54. Danese PN, Pratt LA, Kolter R (2000) Exopolysaccharide production is required for development of Escherichia coli K-12 biofilm architecture. J Bacteriol 182: 3593–3596.    

55. Hanna A, Berg M, Stout V, et al. (2003) Role of capsular colanic acid in adhesion of uropathogenic Escherichia coli. Appl Environ Microbiol 69: 4474–4481.    

56. Prigent-Combaret C, Vidal O, Dorel C, et al. (1999) Abiotic surface sensing and biofilm-dependent regulation of gene expression in Escherichia coli. J Bacteriol 181: 5993–6002.

57. Ren Y, Ellis PR, Sutherland IW, et al. (2003) Dilute and semi-dilute solution properties of an exopolysaccharide from Escherichia coli strain S61. Carbohyd Polym 52: 189–195.    

58. Mayer C, Moritz R, Kirschner C, et al. (1999) The role of intermolecular interactions: studies on model systems for bacterial biofilms. Int J Biol Macromol 26: 3–16.    

59. Linker A, Jones RS (1964) A polysaccharide resembling alginic acid from a Pseudomonas Micro-organism. Nature 204: 187–188.    

60. Sutherland IW (2001) The biofilm matrix-an immobilized but dynamic microbial environment. Trends Microbiol 9: 222–227.    

61. Marchal F, Robert H, Seyer D, et al. (2013) Atmospheric cold plasmas for biofilm inactivation: does biofilm extracellular matrix limit the bactericidal process? J Eng Technol Res 1: 123–135.

62. Colvin KM, Irie Y, Tart CS, et al. (2012) The Pel and Psl polysaccharides provide Pseudomonas aeruginosa structural redundancy within the biofilm matrix. Environ Microbiol 14: 1913–1928.    

63. Ma L, Conover M, Lu H, et al. (2009) Assembly and development of the Pseudomonas aeruginosa biofilm matrix. PLoS Pathog 5: e1000354.    

64. Vasseur P, Vallet-Gely I, Soscia C, et al. (2005) The pel genes of the Pseudomonas aeruginosa PAK strain are involved at early and late stages of biofilm formation. Microbiology 151: 985–997.    

65. Peterson BW, van der Mei HC, Sjollema J, et al. (2013) A Distinguishable Role of eDNA in the Viscoelastic Relaxation of Biofilms. MBio 4: e00497-13.

66. Kovach K, Davis-Fields M, Irie Y, et al. (2017) Evolutionary adaptations of biofilms infecting cystic fibrosis lungs promote mechanical toughness by adjusting polysaccharide production. NPJ Biofilm Microbiome 3: 1.    

67. Taglialegna A, Lasa I, Valle J (2016) Amyloid structures as biofilm matrix scaffolds. J Bacteriol 198: 2579–2588.    

68. Vidal O, Longin R, Prigent-Combaret C, et al. (1998) Isolation of an Escherichia coli K-12 mutant strain able to form biofilms on inert surfaces: involvement of a new ompR allele that increases curli expression. J Bacteriol 180: 2442–2449.

69. Wang X, Smith DR, Jones JW, et al. (2007) In vitro polymerization of a functional Escherichia coli amyloid protein. J Biol Chem 282: 3713–3719.

70. Olsen A, Herwald H, Wikstrom M, et al. (2002) Identification of two protein-binding and functional regions of curli, a surface organelle and virulence determinant of Escherichia coli. J Biol Chem 277: 34568–34572.    

71. Lembré P, Vendrely C, Di Martino P (2013) Amyloid fiber formation by synthetic peptides derived from the sequence of the protein CsgA of Escherichia coli. Protein Peptide Lett 20: 942–946.    

72. Zogaj X, Nimtz M, Rohde M, et al. (2001) The multicellular morphotypes of Salmonella typhimurium and Escherichia coli produce cellulose as the second component of the extracellular matrix. Mol Microbiol 39: 1452–1463.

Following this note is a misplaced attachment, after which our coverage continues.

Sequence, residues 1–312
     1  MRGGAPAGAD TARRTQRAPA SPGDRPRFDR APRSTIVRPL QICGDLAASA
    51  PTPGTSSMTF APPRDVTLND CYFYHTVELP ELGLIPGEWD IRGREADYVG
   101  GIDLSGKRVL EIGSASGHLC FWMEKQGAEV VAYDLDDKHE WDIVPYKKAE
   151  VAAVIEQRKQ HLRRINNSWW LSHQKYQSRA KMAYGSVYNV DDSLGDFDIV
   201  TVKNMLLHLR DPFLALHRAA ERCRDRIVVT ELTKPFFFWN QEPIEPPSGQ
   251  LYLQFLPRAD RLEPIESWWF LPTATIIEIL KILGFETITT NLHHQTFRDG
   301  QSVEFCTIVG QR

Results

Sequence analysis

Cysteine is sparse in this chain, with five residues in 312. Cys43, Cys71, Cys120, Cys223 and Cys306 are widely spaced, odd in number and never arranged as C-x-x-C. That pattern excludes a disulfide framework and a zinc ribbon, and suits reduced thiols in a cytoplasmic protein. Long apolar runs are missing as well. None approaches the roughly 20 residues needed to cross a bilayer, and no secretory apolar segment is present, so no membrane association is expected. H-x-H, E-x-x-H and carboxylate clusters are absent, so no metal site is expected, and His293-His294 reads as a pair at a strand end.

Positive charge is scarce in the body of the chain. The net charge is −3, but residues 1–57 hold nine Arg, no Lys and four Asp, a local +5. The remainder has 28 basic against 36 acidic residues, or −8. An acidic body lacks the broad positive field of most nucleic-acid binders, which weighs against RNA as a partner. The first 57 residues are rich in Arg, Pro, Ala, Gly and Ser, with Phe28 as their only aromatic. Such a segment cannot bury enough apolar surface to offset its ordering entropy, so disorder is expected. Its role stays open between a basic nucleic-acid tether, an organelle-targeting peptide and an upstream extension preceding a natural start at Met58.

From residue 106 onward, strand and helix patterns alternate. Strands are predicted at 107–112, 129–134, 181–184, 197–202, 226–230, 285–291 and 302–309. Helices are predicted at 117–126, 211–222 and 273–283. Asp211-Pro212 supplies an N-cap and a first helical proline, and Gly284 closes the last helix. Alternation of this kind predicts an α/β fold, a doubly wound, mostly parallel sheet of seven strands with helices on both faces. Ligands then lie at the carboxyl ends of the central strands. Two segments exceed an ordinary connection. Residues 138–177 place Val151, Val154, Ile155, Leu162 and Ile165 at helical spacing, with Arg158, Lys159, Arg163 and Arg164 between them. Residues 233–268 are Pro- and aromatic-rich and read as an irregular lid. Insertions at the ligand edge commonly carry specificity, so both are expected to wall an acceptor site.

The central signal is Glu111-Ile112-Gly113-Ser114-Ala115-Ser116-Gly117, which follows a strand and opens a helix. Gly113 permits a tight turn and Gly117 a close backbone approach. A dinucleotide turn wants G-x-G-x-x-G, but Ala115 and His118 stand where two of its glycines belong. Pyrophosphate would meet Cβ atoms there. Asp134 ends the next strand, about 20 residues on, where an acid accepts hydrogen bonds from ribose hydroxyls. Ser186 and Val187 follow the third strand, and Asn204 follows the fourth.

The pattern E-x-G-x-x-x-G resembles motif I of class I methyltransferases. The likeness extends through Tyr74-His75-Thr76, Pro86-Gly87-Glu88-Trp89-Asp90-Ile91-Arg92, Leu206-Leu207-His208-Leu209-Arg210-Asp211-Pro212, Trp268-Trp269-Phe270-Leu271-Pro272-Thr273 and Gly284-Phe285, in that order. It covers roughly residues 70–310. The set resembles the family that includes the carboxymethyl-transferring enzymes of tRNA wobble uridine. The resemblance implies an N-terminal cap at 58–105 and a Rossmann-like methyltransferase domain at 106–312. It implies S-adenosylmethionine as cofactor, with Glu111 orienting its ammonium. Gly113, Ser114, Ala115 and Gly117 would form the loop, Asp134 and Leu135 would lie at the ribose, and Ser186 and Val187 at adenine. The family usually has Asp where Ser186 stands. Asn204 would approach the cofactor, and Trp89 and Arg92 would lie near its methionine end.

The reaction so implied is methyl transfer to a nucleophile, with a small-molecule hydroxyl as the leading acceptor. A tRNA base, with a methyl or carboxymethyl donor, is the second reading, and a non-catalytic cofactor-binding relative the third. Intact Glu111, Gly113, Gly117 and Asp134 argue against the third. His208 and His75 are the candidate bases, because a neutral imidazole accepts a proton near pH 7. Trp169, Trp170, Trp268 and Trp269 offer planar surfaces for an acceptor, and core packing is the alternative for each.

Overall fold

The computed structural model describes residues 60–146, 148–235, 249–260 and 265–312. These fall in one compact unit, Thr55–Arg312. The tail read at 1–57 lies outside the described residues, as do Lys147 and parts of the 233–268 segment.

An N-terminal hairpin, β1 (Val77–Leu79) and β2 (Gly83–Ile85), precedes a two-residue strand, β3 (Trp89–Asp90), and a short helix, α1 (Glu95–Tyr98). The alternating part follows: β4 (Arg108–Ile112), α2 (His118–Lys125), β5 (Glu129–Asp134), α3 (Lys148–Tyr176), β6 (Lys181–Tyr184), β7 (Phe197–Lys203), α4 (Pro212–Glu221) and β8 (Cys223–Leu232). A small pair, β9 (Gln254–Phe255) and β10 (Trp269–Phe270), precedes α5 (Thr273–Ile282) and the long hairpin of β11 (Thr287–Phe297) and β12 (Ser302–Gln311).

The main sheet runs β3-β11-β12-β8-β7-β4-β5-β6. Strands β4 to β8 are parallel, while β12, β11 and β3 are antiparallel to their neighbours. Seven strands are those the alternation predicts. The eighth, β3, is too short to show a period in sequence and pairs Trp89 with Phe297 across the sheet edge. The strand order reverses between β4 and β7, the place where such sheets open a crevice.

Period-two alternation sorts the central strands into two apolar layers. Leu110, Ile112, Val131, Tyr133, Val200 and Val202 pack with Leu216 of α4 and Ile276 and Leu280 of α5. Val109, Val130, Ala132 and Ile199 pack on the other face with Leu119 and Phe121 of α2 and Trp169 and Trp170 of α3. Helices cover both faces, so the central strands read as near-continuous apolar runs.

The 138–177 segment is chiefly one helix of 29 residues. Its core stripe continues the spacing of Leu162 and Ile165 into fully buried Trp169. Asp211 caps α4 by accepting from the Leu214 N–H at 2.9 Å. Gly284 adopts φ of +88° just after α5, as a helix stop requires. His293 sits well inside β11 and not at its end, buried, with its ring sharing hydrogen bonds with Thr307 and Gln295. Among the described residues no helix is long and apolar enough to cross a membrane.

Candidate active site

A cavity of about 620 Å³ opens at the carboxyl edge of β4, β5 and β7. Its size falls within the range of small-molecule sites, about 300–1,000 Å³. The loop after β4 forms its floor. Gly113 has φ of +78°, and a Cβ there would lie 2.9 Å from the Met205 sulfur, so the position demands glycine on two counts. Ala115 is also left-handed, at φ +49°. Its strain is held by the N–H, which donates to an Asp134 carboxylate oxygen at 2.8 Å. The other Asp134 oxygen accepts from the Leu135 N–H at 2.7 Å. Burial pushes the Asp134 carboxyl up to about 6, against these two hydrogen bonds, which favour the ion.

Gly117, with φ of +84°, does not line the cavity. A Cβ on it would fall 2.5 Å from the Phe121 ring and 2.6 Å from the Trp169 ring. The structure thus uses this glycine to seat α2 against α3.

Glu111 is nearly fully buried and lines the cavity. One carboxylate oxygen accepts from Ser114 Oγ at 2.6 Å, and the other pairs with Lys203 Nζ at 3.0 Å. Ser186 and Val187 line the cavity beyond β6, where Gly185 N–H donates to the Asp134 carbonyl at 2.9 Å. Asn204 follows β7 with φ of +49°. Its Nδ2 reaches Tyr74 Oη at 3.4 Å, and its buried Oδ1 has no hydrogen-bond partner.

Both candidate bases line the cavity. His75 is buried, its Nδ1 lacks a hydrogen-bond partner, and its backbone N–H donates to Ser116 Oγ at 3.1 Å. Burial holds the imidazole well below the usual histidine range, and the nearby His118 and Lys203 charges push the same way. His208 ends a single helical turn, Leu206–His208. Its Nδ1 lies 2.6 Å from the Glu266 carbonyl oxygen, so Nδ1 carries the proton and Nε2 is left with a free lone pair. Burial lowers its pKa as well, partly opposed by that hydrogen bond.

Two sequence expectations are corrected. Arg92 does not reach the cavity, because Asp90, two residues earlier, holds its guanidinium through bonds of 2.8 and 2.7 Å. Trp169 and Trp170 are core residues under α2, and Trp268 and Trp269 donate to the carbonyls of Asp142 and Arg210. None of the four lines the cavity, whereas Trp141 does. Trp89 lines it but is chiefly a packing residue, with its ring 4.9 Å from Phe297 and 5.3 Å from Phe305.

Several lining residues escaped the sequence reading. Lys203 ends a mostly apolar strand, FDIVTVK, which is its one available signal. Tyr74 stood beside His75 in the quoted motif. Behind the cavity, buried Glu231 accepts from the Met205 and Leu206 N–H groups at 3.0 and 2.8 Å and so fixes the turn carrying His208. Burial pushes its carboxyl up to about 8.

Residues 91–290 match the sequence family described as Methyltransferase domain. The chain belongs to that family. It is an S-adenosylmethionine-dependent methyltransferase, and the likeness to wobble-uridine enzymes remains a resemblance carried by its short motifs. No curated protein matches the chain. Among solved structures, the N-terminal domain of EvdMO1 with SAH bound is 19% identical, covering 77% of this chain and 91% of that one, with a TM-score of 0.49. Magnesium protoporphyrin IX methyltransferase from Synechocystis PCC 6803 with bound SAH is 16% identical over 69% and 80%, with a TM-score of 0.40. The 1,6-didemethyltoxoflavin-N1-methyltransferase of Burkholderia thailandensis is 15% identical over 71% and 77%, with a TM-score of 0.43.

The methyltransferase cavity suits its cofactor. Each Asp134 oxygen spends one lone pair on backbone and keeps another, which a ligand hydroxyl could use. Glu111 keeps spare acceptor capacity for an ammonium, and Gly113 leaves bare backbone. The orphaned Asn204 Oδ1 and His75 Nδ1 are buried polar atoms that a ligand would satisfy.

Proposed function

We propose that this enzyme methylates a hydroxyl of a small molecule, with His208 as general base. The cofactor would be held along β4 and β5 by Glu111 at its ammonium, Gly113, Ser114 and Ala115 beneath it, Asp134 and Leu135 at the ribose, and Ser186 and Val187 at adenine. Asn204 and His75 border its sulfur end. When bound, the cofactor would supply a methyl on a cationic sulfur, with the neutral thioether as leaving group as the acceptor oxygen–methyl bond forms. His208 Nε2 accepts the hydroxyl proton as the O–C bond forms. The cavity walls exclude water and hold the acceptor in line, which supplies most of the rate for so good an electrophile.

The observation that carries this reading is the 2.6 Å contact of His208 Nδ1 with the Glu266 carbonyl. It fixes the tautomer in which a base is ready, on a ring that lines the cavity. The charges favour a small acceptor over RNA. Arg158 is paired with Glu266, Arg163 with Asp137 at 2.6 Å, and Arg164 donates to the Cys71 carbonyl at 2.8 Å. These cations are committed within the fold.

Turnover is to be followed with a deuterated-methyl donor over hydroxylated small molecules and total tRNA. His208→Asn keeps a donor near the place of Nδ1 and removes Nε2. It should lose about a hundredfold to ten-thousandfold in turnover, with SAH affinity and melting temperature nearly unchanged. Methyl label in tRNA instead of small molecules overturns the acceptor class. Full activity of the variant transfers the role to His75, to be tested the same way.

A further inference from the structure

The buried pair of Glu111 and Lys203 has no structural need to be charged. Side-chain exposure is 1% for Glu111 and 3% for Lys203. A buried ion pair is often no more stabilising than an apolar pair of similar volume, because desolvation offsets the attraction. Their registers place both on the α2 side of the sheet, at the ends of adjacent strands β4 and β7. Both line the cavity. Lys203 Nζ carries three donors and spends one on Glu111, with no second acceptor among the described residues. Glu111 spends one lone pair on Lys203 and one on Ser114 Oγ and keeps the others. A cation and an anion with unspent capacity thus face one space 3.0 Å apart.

73. Saldaña Z, Xicohtencatl-Cortes J, Avelino F, et al. (2009) Synergistic role of curli and cellulose in cell adherence and biofilm formation of attaching and effacing Escherichia coli and identification of Fis as a negative regulator of curli. Environ Microbiol 11: 992–1006.    

74. Lembré P, Di Martino P, Vendrely C (2014) Amyloid peptides derived from CsgA and FapC modify the viscoelastic properties of biofilm model matrices. Biofouling 30: 415–426.    

75. Römling U (2002) Molecular biology of cellulose production in bacteria. Res Microbiol 153: 205–212.    

76. De Jong W, Wösten HA, Dijkhuizen L, et al. (2009) Attachment of Streptomyces coelicolor is mediated by amyloidal fimbriae that are anchored to the cell surface via cellulose. Mol Microbiol 73: 1128–1140.    

77. Bhattacharya M, Wozniak DJ, Stoodley P, et al. (2015) Prevention and treatment of Staphylococcus aureus biofilms. Expert Rev Anti-Infe 13: 1499–1516.    

78. Schwartz K, Syed AK, Stephenson RE, et al. (2012) Functional amyloids composed of phenol soluble modulins stabilize Staphylococcus aureus biofilms. PLoS Pathog 8: e1002744.    

79. Lembré P, Vendrely C, Di Martino P (2014) Identification of an amyloidogenic peptide from the Bap protein of Staphylococcus epidermidis. Protein Peptide Lett 21: 75–79.

80. Taglialegna A, Navarro S, Ventura S, et al. (2016) Staphylococcal bap proteins build amyloid scaffold biofilm matrices in response to environmental signals. PLoS Pathog 12: e1005711.    

81. Di Martino P (2016) Bap: A new type of functional amyloid. Trends Microbiol 24: 682–684.    

82. Thomas VC, Hancock LE (2009) Suicide and fratricide in bacterial biofilms. Int J Artif Organs 32: 537–544.    

83. Schwartz K, Ganesan M, Payne DE, et al. (2016) Extracellular DNA facilitates the formation of functional amyloids in Staphylococcus aureus biofilms. Mol Microbiol 99: 123–134.    

84. Lasa I, Penadés JR (2006) Bap: a family of surface proteins involved in biofilm formation. Res Microbiol 157: 99–107.    

85. Stewart EJ, Ganesan M, Younger JG, et al. (2015) Artificial biofilms establish the role of matrix interactions in staphylococcal biofilm assembly and disassembly. Sci Rep 5: 13081.    

© 2018 the Author(s), licensee AIMS Press. This is an open access article distributed under the terms of the Creative Commons Attribution Licese (http://creativecommons.org/licenses/by/4.0)

Download full text in PDF

Export Citation

Article outline

Show full outline
Copyright © AIMS Press All Rights Reserved